It doesn't take much to feel a wave of empathy for her and her family for the loss they experienced.  

But now imagine that a few months later the same woman being called again to be advised there was another child she could have as a replacement and she had first call. This second baby was me!

How likely is it there will be no emotional consequences for the adoptive mother and replacement child.

Such a situation would (could) never occur in 2018 but did occur in 1970s Ireland and the consequences shadowed both mother and child. It is an example of why the adoption process can be the source of fear for modern birth mothers.

The current debate between adoption or a termination is shaped by our past experiences when women with an unplanned or crisis pregnancies were judged and then punished by the State, at the behest of the Roman Catholic Church. They were always guilty.

In 2017 the process of adopting is to meet the needs of the child while also addressing the needs of the birth mother and laterally the adoptive parents. The child is now at the heart of the decision making process. But the emotional support a birth mother deserves as a right to be able to make an informed decision about what is in her best interests and of her child is now part of the process. As it should be!

Similarly, the emotional needs of the adoptive parents and how they can be supported to meet the needs of the child being entrusted to their care and nurtured are also taken into account.

The greatest sacrifice a mother can make is to give up her child for adoption and the greatest gift a parent can make is to open their heart to a child.

In the Ireland of 2018 the adoption process is designed to help both parties make the right decision that results in the best possible life for the child at the heart of the process. This is the way it should be.


My Adoption Story, 1977

I was born to a young single mother in Bessborough Mothers and Baby Home in Cork City in 1977. After a short stay my parents adopted me and brought me home to Limerick.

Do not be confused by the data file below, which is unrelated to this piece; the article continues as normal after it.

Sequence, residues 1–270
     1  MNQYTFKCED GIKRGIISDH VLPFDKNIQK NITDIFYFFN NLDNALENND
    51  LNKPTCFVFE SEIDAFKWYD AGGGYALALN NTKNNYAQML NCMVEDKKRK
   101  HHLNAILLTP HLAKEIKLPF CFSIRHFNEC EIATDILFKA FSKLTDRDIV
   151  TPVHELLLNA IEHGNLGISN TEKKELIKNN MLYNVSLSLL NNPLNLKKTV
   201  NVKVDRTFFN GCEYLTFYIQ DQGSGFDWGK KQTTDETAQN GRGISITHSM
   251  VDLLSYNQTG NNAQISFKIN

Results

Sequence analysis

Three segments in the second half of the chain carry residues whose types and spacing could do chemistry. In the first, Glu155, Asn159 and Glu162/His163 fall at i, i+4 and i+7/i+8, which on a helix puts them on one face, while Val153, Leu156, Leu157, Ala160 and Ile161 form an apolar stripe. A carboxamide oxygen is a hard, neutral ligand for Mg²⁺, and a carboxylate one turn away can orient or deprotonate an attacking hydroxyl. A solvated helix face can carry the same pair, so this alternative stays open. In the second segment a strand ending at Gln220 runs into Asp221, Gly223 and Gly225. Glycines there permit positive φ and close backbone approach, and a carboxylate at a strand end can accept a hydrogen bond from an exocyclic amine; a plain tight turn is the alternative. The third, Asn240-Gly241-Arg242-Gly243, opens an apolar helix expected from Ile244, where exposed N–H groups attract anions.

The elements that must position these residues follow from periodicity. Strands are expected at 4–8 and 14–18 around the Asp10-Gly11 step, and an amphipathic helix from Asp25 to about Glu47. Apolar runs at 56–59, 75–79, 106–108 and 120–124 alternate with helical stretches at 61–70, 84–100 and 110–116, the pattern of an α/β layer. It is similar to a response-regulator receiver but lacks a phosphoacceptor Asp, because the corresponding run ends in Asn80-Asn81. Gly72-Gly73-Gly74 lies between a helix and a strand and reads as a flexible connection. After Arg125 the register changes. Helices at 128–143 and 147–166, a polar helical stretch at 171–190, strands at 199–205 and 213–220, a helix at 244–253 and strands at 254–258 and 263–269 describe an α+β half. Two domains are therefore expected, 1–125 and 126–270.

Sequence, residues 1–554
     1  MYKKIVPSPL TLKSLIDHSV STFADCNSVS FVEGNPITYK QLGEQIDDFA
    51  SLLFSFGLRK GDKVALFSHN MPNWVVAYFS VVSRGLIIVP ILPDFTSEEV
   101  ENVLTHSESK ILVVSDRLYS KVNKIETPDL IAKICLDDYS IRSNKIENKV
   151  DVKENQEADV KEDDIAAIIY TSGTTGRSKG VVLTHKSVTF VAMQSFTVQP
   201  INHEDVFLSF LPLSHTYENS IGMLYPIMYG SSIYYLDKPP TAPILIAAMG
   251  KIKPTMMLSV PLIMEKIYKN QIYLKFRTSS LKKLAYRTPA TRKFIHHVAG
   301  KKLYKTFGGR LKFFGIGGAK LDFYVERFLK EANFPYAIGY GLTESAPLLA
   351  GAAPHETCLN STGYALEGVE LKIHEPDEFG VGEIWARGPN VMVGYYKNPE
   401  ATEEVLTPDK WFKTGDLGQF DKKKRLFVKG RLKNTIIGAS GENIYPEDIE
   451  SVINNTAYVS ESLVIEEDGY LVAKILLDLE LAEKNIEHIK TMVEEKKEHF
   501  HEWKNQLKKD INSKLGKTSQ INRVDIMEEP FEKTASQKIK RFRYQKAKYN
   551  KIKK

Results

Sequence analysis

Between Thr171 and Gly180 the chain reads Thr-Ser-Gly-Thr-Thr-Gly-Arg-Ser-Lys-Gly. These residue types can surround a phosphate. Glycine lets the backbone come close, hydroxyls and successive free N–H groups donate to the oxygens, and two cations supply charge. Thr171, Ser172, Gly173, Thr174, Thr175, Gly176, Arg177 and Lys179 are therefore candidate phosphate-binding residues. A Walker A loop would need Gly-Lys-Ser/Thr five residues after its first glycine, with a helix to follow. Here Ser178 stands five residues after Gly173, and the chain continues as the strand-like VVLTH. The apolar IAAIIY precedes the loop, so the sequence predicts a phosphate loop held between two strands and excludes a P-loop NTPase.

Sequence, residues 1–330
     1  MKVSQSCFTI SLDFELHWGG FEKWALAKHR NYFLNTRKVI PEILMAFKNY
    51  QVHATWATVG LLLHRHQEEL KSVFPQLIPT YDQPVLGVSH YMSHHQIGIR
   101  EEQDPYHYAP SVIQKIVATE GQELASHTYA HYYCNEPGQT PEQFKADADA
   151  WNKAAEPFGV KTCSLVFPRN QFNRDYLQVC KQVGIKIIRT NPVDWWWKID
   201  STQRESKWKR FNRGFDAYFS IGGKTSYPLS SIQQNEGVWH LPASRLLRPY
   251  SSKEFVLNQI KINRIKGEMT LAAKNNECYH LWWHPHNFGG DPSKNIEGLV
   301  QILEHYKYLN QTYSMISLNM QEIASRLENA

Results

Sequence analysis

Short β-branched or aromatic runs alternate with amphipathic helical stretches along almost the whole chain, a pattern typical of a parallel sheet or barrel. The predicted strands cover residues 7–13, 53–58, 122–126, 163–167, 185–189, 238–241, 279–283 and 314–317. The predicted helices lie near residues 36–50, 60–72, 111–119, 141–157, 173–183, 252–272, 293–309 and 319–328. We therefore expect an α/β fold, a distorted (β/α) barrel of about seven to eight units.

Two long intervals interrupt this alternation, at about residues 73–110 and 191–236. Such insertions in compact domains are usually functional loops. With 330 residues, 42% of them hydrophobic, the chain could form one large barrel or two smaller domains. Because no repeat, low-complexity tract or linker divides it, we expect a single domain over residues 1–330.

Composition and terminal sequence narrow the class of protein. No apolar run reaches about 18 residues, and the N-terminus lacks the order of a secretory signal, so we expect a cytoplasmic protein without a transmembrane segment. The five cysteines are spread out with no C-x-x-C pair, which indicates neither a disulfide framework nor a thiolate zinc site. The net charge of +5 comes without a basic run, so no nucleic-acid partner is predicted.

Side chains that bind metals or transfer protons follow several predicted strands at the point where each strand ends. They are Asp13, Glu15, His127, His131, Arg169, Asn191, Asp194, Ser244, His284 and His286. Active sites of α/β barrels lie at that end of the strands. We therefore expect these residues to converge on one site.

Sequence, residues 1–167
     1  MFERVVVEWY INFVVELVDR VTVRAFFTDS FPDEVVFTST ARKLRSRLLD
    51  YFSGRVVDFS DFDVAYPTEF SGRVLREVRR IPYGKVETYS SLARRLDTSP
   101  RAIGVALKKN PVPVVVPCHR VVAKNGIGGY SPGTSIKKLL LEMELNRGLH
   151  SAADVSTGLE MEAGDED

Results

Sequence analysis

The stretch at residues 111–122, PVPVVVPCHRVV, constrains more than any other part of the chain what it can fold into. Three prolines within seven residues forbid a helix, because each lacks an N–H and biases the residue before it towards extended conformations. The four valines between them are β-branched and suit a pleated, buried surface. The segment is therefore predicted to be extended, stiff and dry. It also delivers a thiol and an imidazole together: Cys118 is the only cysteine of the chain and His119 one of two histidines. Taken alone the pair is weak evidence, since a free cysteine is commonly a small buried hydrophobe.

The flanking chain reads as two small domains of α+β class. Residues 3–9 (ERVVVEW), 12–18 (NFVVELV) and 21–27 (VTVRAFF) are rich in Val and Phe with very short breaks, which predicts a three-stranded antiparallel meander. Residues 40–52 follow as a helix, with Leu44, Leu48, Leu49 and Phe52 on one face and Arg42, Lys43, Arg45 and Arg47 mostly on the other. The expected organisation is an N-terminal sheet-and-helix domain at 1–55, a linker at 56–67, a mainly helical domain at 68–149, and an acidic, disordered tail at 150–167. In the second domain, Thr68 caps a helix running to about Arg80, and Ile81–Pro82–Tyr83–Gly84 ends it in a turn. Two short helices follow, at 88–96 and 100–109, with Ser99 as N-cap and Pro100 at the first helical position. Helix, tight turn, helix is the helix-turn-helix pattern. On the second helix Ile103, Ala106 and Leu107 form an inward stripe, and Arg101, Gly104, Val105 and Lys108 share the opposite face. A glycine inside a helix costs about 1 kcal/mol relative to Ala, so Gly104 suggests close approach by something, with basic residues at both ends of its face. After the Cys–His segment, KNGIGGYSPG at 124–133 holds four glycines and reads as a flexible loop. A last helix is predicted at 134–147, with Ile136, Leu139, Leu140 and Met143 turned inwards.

My Father worked as cabin crew with British Airways and my mother was a housewife. 

I was the eldest of 3 and have a brother and sister. (My sister is also adopted) I had a very privileged upbringing in a loving home. We were well travelled and saw all the sights and wonders the world had to offer as a result of Dad’s work. 

From my earliest memories, I was aware of my adoption and the selfless reasons I was placed for adoption. It is a normal part of my life of which I am very open about. All my friends and some work colleagues would be aware, and I would not have a problem discussing with a stranger if it arose in conversation. I find some of the reactions amusing when I tell people of my adoption (what’s normal for me is alien to them) My birth mother is held in very high regard by me and all in my family for the sacrifices she made. 

Approximately 16 years ago I received a letter from her outlining the reasons for her decision. It was very much a selfless endeavor on her part in order to offer me greater opportunities than she could provide at the time. It certainly turned out that way. 

I traced her about 5 years ago and wrote a letter to her telling of my history and thanking her for the rich and happy life I enjoyed. She is yet to accept receipt of this letter but I am confident that one day she will. 

My parents are my parents, of that there is no doubt and I would have it no other way. I will always think of my birth mother in the most positive way. I have immense respect for her and the strength, bravery and resilience she showed in the face of such adversity to give me a better life...


Co. Kildare

Laura's Story

I was born in May 1973 to a 25 year old unmarried woman. She couldn’t tell her parents or family that she was pregnant as they were very religious and would have disowned her.

After I was born, I was put up for adoption pretty much straight away and I was adopted when I was 4 weeks old.

I was adopted by a couple who couldn’t have children of their own. I was given into the most loving, kind and generous family. I had a great up-bringing with my parents and my brother who was also adopted. I knew from age 3 that I was adopted and my parents always made me feel special that I had been given up for adoption.

I will be eternally grateful to my birth mother for putting me up for adoption. Firstly she could have chosen to have me aborted but she wanted me to have a good life and a better life than she could give me so she selflessly gave me away. She did this with me at the forefront of her thoughts. I have since found out that she found it very difficult to part with me but she did what was best for me.

What she did was in her baby’s best interest knowing that I would have a better life if I didn’t stay with her, she is a hero in my eyes for this.

I have met my birth mothers family but not her as she died in 2001. My half sister (we shared my birth mother) died last year and now I have custody and guardianship of her son so I can somewhat see the situation from that side too.

Kind regards

Laura, Dublin